In this article, we explore rituals and ritualized care practices in a hospice in the Netherlands. The research is guided by two research questions. First, we want to know what kind of rituals and ritualized care practices are taking place in the hospice. Second, we aim to understand these practices from a cultural perspective, i.e., to what cultural values do these practices refer? We distinguish five types of ritual: (1) care practices in the morning; (2) meals; (3) care practices in the evening; (4) care practices in the dying phase; (5) a farewell ritual after a patient has died. Ritualization takes place in various degrees and forms, depending on changes in the state of liminality. Analysis of ritualized care practices shows that everyday care practices are enriched with non-instrumental elements that have a strong symbolic meaning, referring to the cultural value of the ‘good death’.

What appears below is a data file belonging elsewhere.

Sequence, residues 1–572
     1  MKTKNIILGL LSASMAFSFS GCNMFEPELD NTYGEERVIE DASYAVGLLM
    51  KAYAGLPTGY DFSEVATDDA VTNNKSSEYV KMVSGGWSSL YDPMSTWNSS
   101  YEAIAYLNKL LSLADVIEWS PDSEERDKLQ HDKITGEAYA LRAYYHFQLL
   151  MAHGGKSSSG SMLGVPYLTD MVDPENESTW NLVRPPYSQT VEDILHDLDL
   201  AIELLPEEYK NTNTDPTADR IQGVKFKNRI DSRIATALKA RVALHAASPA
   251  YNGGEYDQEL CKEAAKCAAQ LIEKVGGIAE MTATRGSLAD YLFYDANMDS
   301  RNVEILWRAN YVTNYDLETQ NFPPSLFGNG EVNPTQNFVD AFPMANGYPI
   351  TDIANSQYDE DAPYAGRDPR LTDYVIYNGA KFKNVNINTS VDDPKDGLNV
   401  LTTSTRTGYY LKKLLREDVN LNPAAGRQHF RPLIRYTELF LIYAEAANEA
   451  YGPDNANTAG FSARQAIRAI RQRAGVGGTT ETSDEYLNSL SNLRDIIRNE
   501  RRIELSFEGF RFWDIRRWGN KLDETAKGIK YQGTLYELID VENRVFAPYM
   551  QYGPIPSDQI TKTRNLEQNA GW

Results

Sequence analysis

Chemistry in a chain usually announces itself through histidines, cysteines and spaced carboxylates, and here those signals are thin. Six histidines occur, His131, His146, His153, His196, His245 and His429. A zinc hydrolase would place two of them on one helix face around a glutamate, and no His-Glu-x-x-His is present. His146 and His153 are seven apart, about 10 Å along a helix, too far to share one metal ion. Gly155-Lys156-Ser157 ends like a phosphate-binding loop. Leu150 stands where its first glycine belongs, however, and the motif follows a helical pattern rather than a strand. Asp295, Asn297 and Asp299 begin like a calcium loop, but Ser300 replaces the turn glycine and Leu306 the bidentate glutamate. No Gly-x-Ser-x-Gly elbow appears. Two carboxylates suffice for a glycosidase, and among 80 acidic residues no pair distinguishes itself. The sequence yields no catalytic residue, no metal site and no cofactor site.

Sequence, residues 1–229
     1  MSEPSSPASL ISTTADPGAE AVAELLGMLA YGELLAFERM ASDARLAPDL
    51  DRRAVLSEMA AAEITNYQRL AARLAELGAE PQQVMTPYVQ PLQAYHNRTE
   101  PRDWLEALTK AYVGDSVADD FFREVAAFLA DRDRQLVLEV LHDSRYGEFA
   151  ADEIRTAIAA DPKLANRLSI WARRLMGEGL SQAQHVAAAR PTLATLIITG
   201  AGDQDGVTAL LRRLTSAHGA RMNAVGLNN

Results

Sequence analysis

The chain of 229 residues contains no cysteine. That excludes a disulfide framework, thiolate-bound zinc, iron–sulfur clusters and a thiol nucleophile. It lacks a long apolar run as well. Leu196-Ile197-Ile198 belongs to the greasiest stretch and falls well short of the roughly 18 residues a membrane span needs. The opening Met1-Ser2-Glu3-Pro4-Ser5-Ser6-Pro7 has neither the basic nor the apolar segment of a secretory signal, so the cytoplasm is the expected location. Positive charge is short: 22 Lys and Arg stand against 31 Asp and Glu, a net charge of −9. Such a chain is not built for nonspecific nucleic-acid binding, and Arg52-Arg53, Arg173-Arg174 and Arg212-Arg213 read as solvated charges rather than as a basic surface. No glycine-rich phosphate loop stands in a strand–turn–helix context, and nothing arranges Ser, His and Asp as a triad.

rituals, hospice, spirituality, cultural analysis, good death
dx.doi.org/10.3390/rel11110571, hdl.handle.net/1765/133911
Religions

van der Weegen, K., Hoondert, M., Timmermann, M., & van der Heide, A. (2020). Practices of ritualization in a Dutch hospice setting. Religions, 11(11), 1–10. doi:10.3390/rel11110571